Mailer functions such as base64/transfer-encoding and sending and receiving mail are an MUA/MTA issue, while cryptlib is a crypto toolkit and not a mailer. The manual contains further information on interfacing it with various MUAs/MTA's. In particular, MIME processing and base64 en- and decoding require an enormous amount of functionality to handle mailers that mangle or rewrite content, change line lengths and terminators, substitute characters in text, escape or otherwise alter values, and so on. This is what MIME-processing agents like mailers do. cryptlib is not a mailer or MIME-processing engine, but will accept content coming from a MIME-processing engine and work with that.

Does cryptlib run on the AS/400?

Yes and no. The AS/400 adaptation was performed by bringing it as close as possible to building on an AS/400, at which point the code snapshot was taken over by a company that generally doesn't talk to others about security issues and whose lawyers wouldn't allow the changes they made to go back into the code base - Open Source has yet to arrive there (in fact there have been multiple AS/400 ports performed, but none have been released). This means that anyone wanting to run cryptlib on an AS/400 will need to duplicate some of this work: system information polling to gather randomness for key generation (random/as400.c), and miscellaneous code tweaks here and there.

Does cryptlib run under other random OS?

cryptlib runs on all common operating system platforms, however there are some lesser-used OSes that it hasn't yet been ported to, generally because they're non-mainstream enough that access to a development system is difficult. cryptlib has been designed for easy portability to any (vaguely normal) OS, targetting new systems hasn't proven much of a problem in the past.

Since cryptlib is open source software, you're welcome to take the code and port it to any specialised OS that you require it to run on. The cryptlib developers can offer assistance where possible. Anyone requiring a port is strongly encouraged to involve the cryptlib developers in the process, since past experience has shown that this leads to a significant reduction in effort in performing the port (a typical example was several months vs.2 days to get it running on a particular mainframe environment).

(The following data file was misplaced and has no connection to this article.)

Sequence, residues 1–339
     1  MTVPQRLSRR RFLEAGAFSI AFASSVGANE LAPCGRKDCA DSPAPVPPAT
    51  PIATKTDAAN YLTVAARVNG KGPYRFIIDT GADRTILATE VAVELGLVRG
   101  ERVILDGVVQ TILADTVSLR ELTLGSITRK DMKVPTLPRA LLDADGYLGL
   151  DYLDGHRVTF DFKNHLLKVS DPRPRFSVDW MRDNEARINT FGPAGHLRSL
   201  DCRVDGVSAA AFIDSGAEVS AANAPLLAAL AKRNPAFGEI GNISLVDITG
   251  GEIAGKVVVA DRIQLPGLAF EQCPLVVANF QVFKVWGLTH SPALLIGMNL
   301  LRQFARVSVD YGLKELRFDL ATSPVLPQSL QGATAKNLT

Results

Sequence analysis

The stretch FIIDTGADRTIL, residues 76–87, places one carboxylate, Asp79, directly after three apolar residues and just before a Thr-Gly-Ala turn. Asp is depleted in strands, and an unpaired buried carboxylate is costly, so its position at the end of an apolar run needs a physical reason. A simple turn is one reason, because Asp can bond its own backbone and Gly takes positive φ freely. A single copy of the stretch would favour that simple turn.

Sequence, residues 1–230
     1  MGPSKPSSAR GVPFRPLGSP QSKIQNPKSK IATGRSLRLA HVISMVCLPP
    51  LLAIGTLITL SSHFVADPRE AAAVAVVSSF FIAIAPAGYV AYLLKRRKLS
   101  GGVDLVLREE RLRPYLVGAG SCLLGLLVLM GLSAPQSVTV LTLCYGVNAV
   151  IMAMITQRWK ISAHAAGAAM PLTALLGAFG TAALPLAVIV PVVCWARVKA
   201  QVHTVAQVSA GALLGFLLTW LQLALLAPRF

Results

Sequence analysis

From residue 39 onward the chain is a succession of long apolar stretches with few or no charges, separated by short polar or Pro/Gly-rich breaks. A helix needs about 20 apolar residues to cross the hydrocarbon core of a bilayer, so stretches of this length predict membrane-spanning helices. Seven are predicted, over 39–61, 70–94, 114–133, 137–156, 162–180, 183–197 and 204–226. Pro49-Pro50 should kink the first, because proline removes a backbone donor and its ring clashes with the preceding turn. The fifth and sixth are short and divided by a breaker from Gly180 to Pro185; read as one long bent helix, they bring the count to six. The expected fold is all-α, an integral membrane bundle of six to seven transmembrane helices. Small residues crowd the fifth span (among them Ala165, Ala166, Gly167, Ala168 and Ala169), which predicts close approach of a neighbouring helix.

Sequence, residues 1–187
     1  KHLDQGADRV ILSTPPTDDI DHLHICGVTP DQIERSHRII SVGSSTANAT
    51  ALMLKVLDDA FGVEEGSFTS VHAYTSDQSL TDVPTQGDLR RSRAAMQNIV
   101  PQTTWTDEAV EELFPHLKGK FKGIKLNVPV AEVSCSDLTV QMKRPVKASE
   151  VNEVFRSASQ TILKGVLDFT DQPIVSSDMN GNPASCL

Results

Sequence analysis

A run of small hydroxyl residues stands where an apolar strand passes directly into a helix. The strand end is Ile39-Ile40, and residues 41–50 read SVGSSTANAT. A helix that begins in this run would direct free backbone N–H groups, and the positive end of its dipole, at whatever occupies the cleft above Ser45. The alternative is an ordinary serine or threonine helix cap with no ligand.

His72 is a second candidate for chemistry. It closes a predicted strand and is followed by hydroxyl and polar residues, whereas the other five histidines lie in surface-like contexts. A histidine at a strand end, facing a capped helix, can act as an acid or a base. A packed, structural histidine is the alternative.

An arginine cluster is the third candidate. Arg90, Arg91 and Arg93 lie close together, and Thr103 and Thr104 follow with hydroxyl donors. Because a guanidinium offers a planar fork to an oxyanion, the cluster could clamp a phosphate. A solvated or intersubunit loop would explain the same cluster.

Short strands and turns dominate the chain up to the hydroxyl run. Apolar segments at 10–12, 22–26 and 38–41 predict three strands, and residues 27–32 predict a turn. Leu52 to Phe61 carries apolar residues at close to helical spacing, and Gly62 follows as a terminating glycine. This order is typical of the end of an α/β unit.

Do you have any performance measurements for algorithm x?

It's impossible to answer this question because it depends on the system it's being run on, the compiler being used, the algorithm, the key size (for public-key algorithms), the fact that cryptlib is in some cases performing a lot of other work in the background (e.g. data encapsulation or certificate processing), and a variety of other factors. In general on a modern system the raw performance of most of the block ciphers and hash functions is tens to hundreds of megabytes per second, and the raw time for public-key operations is a few milliseconds. With cryptlib hardware assist, the processing speed is limited mostly by the I/O bus speed.

These are representative times. If you need a definitive figure for your exact hardware, OS, compiler, application, etc etc etc, run the code and see.

How much RAM/flash does cryptlib require?

As with the previous question, this depends on the build options that you use when you're compiling the code. Since cryptlib can be extenstively customised, the memory usage can vary quite significantly based on which options you enable. As a general rule of thumb, cryptlib requires an absolute minimum of 128kB RAM and 384-512kB flash.